Full Circle (1977 film)

Full Circle (a.k.a. The Haunting of Julia) is a 1977 British-Canadian horror film directed by Richard Loncraine. Based on the novel Julia by Peter Straub, it is the first film realization of one of his books. In the movie, Mia Farrow plays a woman fleeing an unhappy marriage and her daughter's death, and being haunted by the ghost of a vengeful little girl.

Full Circle
Canadian poster for Full Circle
Directed byRichard Loncraine
Written byHarry Bromley Davenport
Screenplay byDave Humphries
Based onJulia
by Peter Straub
StarringMia Farrow
Music byColin Towns
CinematographyPeter Hannan
Edited byRon Wisman
Distributed by
Release date
Running time
98 minutes
United Kingdom


The film opens with a young girl winding up a mechanical-clown toy in an upstairs window, then descending to a lower-floor window to greet her mother, Julia Lofting (Mia Farrow). During breakfast with her family, her daughter Kate (Sophie Ward) chokes on her food. Unable to dislodge the food, Julia attempts to save her by performing a tracheotomy, which results in the child's bleeding to death.

Julia leaves her husband Magnus (Keir Dullea) and moves to a new house with an upstairs room containing a child's possessions. In the park Julia sees a young girl that she believes is Kate but the child disappears. Unusual things take place in the house such as strange noises and appliances turning on by themselves. Later, Julia again sees the girl in the park and finds a mutilated turtle and knife where she stood.

Julia lets Magnus' sister Lily use her house to conduct a seance. Mrs. Flood, the medium, explains that spirits need to control someone to carry out physical acts. During the seance, the medium becomes frightened and tells Julia to leave the house immediately. Moments later, one of Lily's friends falls down the stairs before Mrs. Flood can explain what she saw. While Julia is out, Magnus breaks into her house. He sees something and follows it to the basement where he falls from the staircase, fatally cutting his throat on a broken mirror.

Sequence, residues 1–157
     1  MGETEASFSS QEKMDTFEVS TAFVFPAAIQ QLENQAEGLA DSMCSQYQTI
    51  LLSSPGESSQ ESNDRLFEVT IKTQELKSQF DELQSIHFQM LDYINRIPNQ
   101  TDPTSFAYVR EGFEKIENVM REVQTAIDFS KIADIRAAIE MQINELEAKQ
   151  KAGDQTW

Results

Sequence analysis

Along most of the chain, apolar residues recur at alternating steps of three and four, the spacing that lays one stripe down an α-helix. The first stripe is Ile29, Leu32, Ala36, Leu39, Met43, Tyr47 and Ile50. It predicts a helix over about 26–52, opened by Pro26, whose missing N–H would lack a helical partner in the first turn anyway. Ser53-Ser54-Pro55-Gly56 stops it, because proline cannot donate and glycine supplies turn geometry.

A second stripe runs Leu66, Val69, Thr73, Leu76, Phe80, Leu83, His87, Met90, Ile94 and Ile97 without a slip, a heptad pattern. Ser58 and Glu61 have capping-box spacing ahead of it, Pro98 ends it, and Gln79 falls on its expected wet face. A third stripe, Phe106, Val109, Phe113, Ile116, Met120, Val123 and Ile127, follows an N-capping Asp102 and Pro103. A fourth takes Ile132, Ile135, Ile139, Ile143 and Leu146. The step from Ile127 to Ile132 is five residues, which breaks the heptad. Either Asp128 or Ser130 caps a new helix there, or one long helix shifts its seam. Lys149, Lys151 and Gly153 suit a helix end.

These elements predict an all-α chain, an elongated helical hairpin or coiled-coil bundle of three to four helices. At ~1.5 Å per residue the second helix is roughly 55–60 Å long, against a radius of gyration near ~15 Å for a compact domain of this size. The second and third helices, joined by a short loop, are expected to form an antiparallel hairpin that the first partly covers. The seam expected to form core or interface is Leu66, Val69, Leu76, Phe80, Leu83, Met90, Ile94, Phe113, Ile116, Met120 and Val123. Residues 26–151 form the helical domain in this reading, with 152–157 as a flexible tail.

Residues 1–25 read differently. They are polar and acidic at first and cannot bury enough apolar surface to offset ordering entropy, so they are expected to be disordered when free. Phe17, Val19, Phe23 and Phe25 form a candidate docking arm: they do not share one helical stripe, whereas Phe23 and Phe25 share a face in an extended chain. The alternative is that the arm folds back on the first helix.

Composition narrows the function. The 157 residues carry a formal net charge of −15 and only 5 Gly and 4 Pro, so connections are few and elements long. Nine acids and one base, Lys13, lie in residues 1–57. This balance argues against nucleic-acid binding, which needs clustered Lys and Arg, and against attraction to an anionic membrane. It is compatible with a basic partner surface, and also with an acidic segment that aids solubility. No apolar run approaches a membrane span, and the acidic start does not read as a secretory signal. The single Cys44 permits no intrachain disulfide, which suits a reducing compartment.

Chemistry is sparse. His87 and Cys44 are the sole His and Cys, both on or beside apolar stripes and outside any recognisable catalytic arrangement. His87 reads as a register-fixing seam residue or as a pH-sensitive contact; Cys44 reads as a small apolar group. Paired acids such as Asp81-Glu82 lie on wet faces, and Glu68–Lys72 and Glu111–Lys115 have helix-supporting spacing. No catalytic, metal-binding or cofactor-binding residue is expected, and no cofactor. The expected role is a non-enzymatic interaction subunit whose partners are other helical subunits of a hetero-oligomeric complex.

A neighbor tells Julia the house once belonged to Heather Rudge, who moved away after her daughter Olivia died. Julia visits Mrs. Flood who tells her that during the séance she had a vision of a boy bleeding to death in the park. Julia finds an article about Geoffrey Braden, a young boy who was murdered in the park. Julia visits Geoffrey's mother, Greta Braden, who says a vagrant was executed for the crime but other children in the park murdered her son. She says she and her companion have been following the lives of the children. She asks Julia to visit the remaining two, now adults: Captain Paul Winter and David Swift.

Julia visits Swift, an alcoholic who confesses that Olivia had power over him and the other children. She made them each kill an animal and watch as she murdered Geoffrey. He says he told only Mrs. Rudge. Later, as Swift leaves his apartment, he slips on a broken bottle in the stairwell and falls to his death.

Julia tells her friend Mark (Tom Conti) what she has discovered but he doesn't believe her. That evening, he is electrocuted by a lamp falling into his bath.

Julia visits Mrs. Rudge in a psychiatric home. Mrs. Rudge confesses that she killed Olivia after learning of the murder. As Julia leaves she looks over her shoulder at Mrs. Rudge, who sees Olivia's eyes and dies of a fright-induced heart attack.

At home Julia sees Olivia, first in the bathroom mirror and then in the living room playing with the clown toy. She takes it from her, offers her a hug, and asks her to stay. Julia is then seen bleeding to death, her throat apparently cut on the sharp edges of the clown's cymbals.


Release and reception

Full Circle was shown in San Sebastián International Film Festival on September 12, 1977 and at the Avoriaz Film Festival in France in 1978.[1]

The film was shown in London on May 4, 1978 and in Toronto on May 19, 1978.[1]

The film was originally released in the UK as Full Circle but fared poorly at the box office. It was released in the United States under the title The Haunting of Julia in 1981, but still failed to find an audience.[3]


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